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FIELD REPORTThe nature of support and being supportive (self.RedPillWomen)

submitted by KittenLoves_Endorsed Contributor

We often talk about how important it is for a woman to be supportive to the man in her life. But what exactly is the nature of support? Is it just being "a cheerleader"? Until recently, I assumed the brunt of being supportive fell upon this idea -- of a woman reassuring and encouraging, mainly through her words.

Recently I have realized this idea I had is wrong.

My boyfriend and I have been repainting, slightly remodelling, and redecorating the kitchen over the past few days. Yesterday evening, we finally got everything done, and while I was making dinner, he cleaned up all the mess we'd made over the past few days. (He had enough time to clean everything because what I was making was quite time-consuming. :P)

Once dinner was ready and we sat down to eat, he turned to me and thanked me "for being so supportive. Without you I would have never gotten everything finished today. But seeing you keep working and not give up inspired me to keep going. Otherwise I would have just spend the afternoon playing video games and not finishing anything."

Not only was this a really sweet moment, it also led me to rethink my idea of what it really means to be supportive. It isn't just giving encouragement (although that is definitely part of it), it's working just as hard alongside him; sharing the work; picking things up where he starts to lag; and making long, boring, annoying tasks more pleasant.


[–]stacysmom40 20 points21 points  (0 children)

It sounds like he really appreciates you and that’s great. My husband and I actively try to cultivate and acknowledge our appreciation for each other. We don’t ever want to be taken for granted.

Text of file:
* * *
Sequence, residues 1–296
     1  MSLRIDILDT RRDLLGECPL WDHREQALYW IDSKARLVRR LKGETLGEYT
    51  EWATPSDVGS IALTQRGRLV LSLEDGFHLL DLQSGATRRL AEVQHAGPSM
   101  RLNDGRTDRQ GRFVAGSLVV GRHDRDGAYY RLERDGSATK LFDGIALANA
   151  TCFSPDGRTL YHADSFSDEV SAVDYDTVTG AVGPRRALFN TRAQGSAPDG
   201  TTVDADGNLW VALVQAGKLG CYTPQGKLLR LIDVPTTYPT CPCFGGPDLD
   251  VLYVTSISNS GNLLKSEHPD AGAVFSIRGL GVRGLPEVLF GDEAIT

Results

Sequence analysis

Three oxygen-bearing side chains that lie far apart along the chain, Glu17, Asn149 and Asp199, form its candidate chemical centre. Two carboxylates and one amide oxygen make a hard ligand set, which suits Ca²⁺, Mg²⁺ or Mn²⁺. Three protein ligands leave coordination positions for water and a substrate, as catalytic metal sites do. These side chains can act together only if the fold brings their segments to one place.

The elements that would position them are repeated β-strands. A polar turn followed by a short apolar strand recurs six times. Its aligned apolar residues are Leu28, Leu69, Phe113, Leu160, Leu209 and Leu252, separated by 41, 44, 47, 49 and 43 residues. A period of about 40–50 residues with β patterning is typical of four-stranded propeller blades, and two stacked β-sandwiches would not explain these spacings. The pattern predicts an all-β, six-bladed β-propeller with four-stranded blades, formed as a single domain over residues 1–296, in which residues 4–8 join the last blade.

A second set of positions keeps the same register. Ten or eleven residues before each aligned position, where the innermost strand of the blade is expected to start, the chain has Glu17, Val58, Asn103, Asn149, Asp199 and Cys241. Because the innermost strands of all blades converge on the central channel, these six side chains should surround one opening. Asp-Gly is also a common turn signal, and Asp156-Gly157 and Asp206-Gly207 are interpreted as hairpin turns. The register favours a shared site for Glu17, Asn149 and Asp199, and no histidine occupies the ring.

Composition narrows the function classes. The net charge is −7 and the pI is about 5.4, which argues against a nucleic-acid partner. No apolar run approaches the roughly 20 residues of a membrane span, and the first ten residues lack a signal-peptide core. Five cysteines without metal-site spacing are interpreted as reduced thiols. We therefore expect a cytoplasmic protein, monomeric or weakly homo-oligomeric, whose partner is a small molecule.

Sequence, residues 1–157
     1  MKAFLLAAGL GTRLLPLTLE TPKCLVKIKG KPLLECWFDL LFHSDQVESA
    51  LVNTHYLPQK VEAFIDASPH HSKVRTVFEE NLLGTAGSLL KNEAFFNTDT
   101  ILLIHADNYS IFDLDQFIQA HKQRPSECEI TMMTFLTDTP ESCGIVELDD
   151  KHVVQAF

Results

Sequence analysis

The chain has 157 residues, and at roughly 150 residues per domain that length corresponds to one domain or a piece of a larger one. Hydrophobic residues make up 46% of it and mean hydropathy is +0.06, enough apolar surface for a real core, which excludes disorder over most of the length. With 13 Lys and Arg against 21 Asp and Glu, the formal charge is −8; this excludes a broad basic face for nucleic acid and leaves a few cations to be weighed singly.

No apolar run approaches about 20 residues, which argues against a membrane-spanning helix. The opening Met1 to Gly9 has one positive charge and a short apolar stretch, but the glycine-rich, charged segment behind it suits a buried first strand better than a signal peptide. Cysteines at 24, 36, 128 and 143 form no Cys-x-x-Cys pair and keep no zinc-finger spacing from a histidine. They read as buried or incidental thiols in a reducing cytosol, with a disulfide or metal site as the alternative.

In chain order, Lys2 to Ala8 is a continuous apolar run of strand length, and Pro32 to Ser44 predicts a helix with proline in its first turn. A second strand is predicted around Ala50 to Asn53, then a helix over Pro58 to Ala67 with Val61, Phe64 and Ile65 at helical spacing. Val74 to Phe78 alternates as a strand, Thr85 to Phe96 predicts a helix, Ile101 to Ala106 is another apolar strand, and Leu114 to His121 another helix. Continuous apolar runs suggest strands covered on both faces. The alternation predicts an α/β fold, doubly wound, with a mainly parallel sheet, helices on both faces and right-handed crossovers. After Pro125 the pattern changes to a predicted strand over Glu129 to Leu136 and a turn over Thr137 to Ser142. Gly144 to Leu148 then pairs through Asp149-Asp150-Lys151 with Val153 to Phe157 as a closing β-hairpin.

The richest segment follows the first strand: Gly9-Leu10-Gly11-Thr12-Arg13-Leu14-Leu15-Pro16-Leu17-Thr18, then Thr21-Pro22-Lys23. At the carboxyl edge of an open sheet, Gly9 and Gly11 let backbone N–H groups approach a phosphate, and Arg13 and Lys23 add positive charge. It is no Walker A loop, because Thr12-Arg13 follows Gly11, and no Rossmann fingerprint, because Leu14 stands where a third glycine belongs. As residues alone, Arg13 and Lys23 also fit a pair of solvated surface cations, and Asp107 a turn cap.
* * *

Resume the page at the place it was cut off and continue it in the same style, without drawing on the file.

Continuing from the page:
I think support can play out in many ways.

One thing I like to keep in mind is that I have lots of people in my life that I can vent to when I need that, but he really only has me. So if he is dealing with a tough work situation, I’m his sounding board. I actively listen, ask questions, and throw out thoughts or suggestions as needed. He has recently commented on how helpful that aspect of our marriage is.

Knowing when to leave him alone and let him stew on things himself or letting him get distracted with a video game can also be supportive though. We don’t always need to be interacting.

Then there are the more obvious ways I support him. Bringing lunch to his office. Keeping the house a welcoming and relaxing space. Handling minor repairs and car service without involving him. Etc.

Since he makes it possible for me not to work, I kind of think of supporting him as my job now.

[–][deleted] 6 points7 points  (0 children)

Motivation, good habits, followthrough, and overall effort is contagious. I often think, the expectations of my man should not be above those of myself. We are both accountable not just to one another, but to ourselves first. Being supportive is a reflection of effort, not words.

Glad you had a good weekend getting work done! I impressed my man this weekend by scheduling a date at the batting cages (I've never been and he used to play ball), and accompanied him to a spin class the next morning for the first time (fitness is important to him) and made it through quite well! 10.5 mi in 40 mins. Supportive comes in many forms, effort and followthrough count most.

[–]loneliness-incEndorsed Contributor 7 points8 points  (0 children)

I'll follow your question with another question - if you were to offer words of encouragement while rolling your eyes or otherwise being insincere, would he feel encouraged and supported?

Obviously, he wouldn't. But why not?

Because the words are just vehicles that transmit something much deeper than words. If that deeper thing is missing and only the (encouraging and supportive) words are present, those same words are empty and therefore insulting.

What is that deeper thing that words of encouragement and support ought to express?

It's your belief in him and his capabilities. It's your admiration for him and what he's accomplished. It's your appreciation and gratitude for that which he does for you.

Words are expressions of these feelings within your heart. These feelings can be expressed through actions as well as a smile, a look and your approving, happy demeanor while he's doing what he's doing. That's why he felt supported.

[–]alpha-zach 2 points3 points  (0 children)

This chick gets it.